WrestleMania always makes me reflect on the early years of the greatest wrestling show on Earth. How could you see the event if you were not at the live show? Well, here are a few ways: pay-per-view was in its infancy and was not linked up to many houses; some folks who owned a satellite dish could sometimes get the feed for free; or you had to go to the local arena to watch the closed circuit show.

Since I didn’t have access to any of these options I had to wait a few weeks for the WWF’S Coliseum Video WrestleMania tape to show up at the local video store. I have always been a bit intense and obsessed with things I like. Wrestling was something I really liked.

Heading into WrestleMania III I was struck by the realization that Roddy Piper would be in his last match. I was devastated. The man who convinced me that wrestling was cool was about to leave the sport and I couldn’t see his historic match with Adrian Adonis. What could I do?

The week before WrestleMania III at the Pontiac Silverdome, TV Guide put out a special edition with Roddy on the cover. The picture of Piper was a classic with him snarling at the camera as he held a TV with a shattered screen under his left arm. This guy was tough! The title proclaimed that this was “Rowdy Roddy Piper’s Last Stand.” I bought the issue and read every ounce of wrestling information it could give me.

Paul Budra wrote the piece and focused on the fact that wrestling emerged from tiny TV studios to stadium shows in just a few short years. Budra interviewed a few of the WWF’s stars for his story and they provided the great kayfabe quotes that would be expected in the 1980s. Piper tooted his own horn by pointing out that he felt he was the reason for the WWF’s success. “There are only so many Clydesdales pulling the Budweiser wagon,” boasted Piper. “Wrestling is popular because of me. I kicked Cyndi Lauper in the head, then I knocked the stuffing out of Mr. T. That led to WrestleMania I and II. You can’t take anything away from the athletes — especially me.”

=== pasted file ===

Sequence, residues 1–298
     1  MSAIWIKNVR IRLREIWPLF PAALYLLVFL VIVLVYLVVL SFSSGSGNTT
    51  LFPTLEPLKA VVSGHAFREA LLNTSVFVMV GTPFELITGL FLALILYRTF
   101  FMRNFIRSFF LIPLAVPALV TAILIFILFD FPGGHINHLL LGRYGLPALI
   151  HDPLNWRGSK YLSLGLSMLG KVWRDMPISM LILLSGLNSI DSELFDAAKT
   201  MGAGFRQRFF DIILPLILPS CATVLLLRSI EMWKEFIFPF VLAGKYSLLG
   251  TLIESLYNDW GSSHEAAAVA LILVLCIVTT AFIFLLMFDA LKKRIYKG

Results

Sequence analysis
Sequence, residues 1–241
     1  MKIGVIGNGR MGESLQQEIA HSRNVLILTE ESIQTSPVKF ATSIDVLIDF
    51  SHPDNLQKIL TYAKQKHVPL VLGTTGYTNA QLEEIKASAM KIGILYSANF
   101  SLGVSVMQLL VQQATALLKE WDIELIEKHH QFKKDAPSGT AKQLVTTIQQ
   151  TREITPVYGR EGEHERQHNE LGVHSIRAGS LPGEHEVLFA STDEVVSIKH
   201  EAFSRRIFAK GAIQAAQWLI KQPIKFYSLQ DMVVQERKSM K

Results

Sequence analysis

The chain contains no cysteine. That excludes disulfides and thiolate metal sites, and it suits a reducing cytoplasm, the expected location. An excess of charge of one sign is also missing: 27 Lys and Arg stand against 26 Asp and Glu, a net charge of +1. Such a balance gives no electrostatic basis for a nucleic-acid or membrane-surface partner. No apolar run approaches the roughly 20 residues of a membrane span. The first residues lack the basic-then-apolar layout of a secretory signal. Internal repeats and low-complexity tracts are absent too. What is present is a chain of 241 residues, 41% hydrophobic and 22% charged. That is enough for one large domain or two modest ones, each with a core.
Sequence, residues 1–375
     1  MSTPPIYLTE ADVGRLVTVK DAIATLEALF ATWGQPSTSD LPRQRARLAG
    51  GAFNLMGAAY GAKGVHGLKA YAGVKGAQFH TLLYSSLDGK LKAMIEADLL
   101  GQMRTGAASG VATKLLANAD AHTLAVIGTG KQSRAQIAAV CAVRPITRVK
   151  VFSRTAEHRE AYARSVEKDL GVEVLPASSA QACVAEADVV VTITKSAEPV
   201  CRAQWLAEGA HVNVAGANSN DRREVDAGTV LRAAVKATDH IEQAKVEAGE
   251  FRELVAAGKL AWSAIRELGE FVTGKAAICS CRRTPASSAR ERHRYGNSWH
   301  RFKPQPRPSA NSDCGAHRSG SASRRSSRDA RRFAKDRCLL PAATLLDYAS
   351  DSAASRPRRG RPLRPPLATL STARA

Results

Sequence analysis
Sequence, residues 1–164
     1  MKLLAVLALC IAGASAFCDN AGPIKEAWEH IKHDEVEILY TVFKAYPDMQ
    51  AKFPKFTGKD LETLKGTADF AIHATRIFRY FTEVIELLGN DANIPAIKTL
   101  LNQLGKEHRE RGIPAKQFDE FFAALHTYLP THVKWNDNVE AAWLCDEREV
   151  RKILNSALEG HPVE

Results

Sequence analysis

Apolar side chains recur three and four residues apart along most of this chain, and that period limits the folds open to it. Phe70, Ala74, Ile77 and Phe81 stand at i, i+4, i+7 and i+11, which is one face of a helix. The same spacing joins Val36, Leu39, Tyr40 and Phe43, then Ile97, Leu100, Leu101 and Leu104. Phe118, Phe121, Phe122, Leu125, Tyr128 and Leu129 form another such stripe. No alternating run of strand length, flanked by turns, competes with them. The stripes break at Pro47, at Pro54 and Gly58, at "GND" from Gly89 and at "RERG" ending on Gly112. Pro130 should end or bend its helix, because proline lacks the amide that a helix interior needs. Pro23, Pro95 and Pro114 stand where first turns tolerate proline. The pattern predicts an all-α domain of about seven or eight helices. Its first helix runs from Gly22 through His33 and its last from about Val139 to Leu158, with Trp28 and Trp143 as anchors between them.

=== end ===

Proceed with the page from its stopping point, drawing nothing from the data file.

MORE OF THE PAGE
The article had some other great quotes from WWF superstars. Bret Hart proclaimed that “No one can touch me.” Jesse Ventura predicted a turn in the sport a decade before it happened. Ventura explained that “The idea of good and bad wrestlers may be outdated. Now in wrestling you have personalities, and each personality has its own following.” Jake Roberts had a quote that made a big and warped impression on me as a boy when he said, “Without violence, the world would be boring.”

The TV Guide further fueled my interest in the big event, but I knew I could not see it in person. Then the WWF saved the day for me. At that time the WWF launched a special phone number you could call during the event to receive up to the minute results. Eureka! I decided that I would call the line every 15 minutes during the show so I could find out if my hero Roddy Piper was going out a winner. Sure I knew that each call cost $1.99 towards my parent’s phone bill, but like Piper, I was able to justify my actions.

They wouldn’t take me to events I liked or support my love of wrestling so I would just pay them back eventually with my earnings from delivering the daily newspaper. I remember sitting in my basement pouring over wrestling magazines trying to figure out if Danny Davis would be the weak link in the Hart Foundation’s match against the British Bulldogs and Tito Santana. When the time was right I would dial the phone number. My heart was beating loudly in my ears as I feared being caught by my parents.

Eventually I received the update that I needed and that was that Piper had defeated Adrian Adonis in his “final” wrestling match. I went to bed happy that night. About four weeks later I was given the phone bill and asked to explain the charges. I denied, denied, denied and then handed over some cash to my parents. It was worth it.